In spite of the threatening sky there was a large attendance at the opening.
Stalls were under the charge of; China and fancy goods, Mrs. Alexander and Mrs. Barry Blacker, sweets and produce, Mrs. R. N. Beasley; teas and refreshments, Mrs. Russell, Mrs. Banting, Mrs. and Miss Richardson, Misses Morton, Mrs. Blunt, Mrs. Allen, Mrs. Holloway, Mrs. Crow, Mrs Warren, Mrs. Littlehales, Miss Allen, and Mr. A. W. Russell.
Side shows: Bowling for pig given by Messrs J. R. and G W. Fountaine, Rev R. N. Beasley and Mr. H. C. Irwin; houpla, Miss Mason and Miss Elliott; squares and hidden treasure, Mr. P. B. Sherwood and Mr A. L. Nicholson; spinning wheel, Mr. H. Rush; farthings in bran, Mr. C. J. Rossiter - shilling in bath. Miss Margaret Rossiter; table skittles, Mr. L. Prothero and Mr. Waller; rifle range, Mr. D, Shakeshaft; character delineation, Mrs. H. M. Hurst.
Buffet teas were served in the house by Mrs. Loombe, who worked very hard for the success of the fete. She was assisted by Captain C. O. Alexander, R.N., Mrs. Alexander, and Mrs. Barry Blacker.
A dog show was judged by Mr. J. Simonds, of Newnham Hill Farm, Daventry. His awards were; Any variety; 1 Miss Turner, Flore ; 2 Mrs. Loombe. 3 Mrs. J. D, Paten, Hanslope Lodge; 4 Mrs. Holt, Potterspury; 5 and 6 Mrs. Loombe, 7 Mrs. Winterbottom, Cosgrove Hall. A comic dog show was judged by ballot with the following results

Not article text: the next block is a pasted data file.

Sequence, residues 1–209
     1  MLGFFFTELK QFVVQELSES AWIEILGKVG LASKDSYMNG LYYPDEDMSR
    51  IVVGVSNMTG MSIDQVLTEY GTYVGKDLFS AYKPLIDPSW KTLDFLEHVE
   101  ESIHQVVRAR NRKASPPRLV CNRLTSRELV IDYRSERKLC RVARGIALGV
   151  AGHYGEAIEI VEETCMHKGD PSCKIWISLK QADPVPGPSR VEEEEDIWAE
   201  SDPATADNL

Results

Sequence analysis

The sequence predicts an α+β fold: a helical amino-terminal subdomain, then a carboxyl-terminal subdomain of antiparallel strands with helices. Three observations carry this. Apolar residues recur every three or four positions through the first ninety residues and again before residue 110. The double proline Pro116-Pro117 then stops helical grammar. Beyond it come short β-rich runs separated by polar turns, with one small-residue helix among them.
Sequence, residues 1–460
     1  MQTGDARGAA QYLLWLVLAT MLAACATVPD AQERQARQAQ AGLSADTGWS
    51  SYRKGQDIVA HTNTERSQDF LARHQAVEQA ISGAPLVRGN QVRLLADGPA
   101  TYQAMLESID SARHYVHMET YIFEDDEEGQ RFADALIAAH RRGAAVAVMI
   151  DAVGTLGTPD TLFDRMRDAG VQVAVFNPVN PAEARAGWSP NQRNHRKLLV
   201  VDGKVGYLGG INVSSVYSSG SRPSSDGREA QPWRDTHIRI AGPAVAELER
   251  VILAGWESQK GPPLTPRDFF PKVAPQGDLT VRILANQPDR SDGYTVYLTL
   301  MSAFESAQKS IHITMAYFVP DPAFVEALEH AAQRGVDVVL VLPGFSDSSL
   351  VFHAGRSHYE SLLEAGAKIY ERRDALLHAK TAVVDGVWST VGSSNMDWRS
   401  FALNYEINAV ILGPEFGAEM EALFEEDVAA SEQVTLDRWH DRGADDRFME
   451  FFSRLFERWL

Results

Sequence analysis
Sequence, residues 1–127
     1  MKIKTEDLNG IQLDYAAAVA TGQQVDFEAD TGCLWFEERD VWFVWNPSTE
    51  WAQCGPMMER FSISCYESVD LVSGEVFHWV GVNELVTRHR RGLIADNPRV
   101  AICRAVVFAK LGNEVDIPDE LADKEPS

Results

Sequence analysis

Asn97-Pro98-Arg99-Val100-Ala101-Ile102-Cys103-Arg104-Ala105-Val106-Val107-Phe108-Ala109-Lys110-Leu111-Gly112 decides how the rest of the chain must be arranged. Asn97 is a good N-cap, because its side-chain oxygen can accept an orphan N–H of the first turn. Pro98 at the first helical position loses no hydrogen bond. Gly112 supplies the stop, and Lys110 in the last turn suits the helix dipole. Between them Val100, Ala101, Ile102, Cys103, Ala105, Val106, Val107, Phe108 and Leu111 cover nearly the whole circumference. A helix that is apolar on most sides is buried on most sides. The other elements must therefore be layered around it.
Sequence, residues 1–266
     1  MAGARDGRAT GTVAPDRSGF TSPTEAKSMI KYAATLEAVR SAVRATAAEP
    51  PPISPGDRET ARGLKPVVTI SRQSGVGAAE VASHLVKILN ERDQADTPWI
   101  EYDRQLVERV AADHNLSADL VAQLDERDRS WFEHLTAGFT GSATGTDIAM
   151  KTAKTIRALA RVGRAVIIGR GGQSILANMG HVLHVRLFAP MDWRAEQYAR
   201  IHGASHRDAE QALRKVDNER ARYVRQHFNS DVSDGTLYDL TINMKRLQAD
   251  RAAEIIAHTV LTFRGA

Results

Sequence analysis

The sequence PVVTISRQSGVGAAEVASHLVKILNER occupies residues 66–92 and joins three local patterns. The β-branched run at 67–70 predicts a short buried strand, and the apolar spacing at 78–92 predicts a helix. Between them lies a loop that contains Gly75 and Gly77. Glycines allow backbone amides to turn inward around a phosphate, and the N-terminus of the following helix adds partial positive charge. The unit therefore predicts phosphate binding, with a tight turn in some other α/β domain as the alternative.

Best kept dog, Mrs. Winterbottom; ugliest dog, Mr, Richardson; most desirable dog, Mrs J. D. Paten; fattest dog, Mrs. Loombe; sporting dog, Mrs. Paton; dog with best trick, Mr. Richardson; prettiest dog, Mrs. Holt; owner with most pleasing smile, Miss G. Atkinson.
The dog show was under the supervision of the Misses Atkinson (Paulerspury). A bridge tournament in the house was under the charge of Mrs. Winterbottom, of Cosgrove Hall. Mrs. Liddell won the contract bridge and Mrs. Driver the auction bridge.
Fetes and other events were often described as “comic ” when Gune was involved
Northampton Mercury - Friday 14 June 1935
PAULERSPURY A FETE in aid of the church bells was held on Monday in the rectory grounds. The proceedings were opened by the Hon. Louise Fermor-Hesketh, after which the large number of entrants for the fancy dress parade were judged by Miss Fermor-Hesketh and Miss Clare. The prize-winners were: Adults, Mrs. W. Pope, Miss Tew, Mr. B. Smart; children, Alice Hams, Mary Harris, Doris Wootton, Eileen Elliott, Audrey Wootton. Stalls and various competitions were managed by Mrs. Joe Frost, Mr. H. Webb and Mrs. Stone, general; Miss Shepheard, Miss Swannell, and Miss Dare, sweets; Mr. and Mrs. B. Smart, Mr. and Mrs, E. Smart, and Miss Emery, plant stall; Messrs. P. Foster and W. Smart, coconut shies; Messrs. E. Smart and A. Clarke, skittles; Mr. A. Course, egg in ring; Mrs. Pope and Mrs. Trace, houp-la; Mrs. E. Lepper and Miss Clipstone, pop and flop; Mrs. Ritchie, slappers; Messrs. E. Lepper and S. Bignell, darts.
Much amusement was caused by the various items in the programme of comic sports arranged by the Misses G. and M. Atkinson, who were assisted by Messrs. W. Pope and J. Trace. Teas were in the charge of Mrs, Hammond assisted by Mrs. A. Clarke, Mrs. F. Timms, Mrs W, Foster. Mrs. P. Foster, Mrs. D. Smart, Mrs. A. Dunkley, Mrs. A. Wootton. Mrs. J. Dawbes, and Miss N. Dunkley. The Towcester Studio Silver Prize Band played during the afternoon and for dancing in the evening.